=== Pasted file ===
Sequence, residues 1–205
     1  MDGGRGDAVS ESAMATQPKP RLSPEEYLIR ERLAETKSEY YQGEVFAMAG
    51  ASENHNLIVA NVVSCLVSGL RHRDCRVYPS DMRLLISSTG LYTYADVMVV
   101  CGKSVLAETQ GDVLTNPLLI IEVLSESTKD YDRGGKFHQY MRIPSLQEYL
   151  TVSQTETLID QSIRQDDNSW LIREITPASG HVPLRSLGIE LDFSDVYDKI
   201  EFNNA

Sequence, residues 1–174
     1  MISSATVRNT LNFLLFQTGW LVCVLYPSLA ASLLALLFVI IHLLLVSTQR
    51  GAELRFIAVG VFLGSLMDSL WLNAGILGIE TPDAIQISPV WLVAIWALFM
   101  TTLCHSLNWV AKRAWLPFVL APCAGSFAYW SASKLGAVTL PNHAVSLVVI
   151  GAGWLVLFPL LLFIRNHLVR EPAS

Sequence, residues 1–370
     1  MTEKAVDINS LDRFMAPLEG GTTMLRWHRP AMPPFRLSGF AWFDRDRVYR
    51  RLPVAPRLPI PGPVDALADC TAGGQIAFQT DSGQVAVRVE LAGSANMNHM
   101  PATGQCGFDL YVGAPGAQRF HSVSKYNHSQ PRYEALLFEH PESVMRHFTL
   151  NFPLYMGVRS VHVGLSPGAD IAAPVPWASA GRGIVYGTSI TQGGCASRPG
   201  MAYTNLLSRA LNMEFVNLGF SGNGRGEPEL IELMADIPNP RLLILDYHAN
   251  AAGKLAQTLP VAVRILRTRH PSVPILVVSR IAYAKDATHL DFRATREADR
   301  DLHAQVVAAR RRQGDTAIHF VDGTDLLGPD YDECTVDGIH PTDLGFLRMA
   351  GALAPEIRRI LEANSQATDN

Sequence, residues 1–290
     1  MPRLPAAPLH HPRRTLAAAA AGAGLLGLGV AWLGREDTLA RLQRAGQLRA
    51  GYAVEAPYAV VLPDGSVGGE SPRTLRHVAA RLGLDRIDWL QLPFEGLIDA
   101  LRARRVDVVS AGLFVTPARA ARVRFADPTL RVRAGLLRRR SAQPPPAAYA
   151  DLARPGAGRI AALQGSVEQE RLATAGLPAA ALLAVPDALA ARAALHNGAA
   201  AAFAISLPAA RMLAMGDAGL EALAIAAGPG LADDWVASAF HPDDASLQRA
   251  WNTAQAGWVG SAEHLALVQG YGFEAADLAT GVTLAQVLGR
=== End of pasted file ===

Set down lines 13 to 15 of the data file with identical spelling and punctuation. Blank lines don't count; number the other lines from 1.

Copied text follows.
     1  MTEKAVDINS LDRFMAPLEG GTTMLRWHRP AMPPFRLSGF AWFDRDRVYR
    51  RLPVAPRLPI PGPVDALADC TAGGQIAFQT DSGQVAVRVE LAGSANMNHM
   101  PATGQCGFDL YVGAPGAQRF HSVSKYNHSQ PRYEALLFEH PESVMRHFTL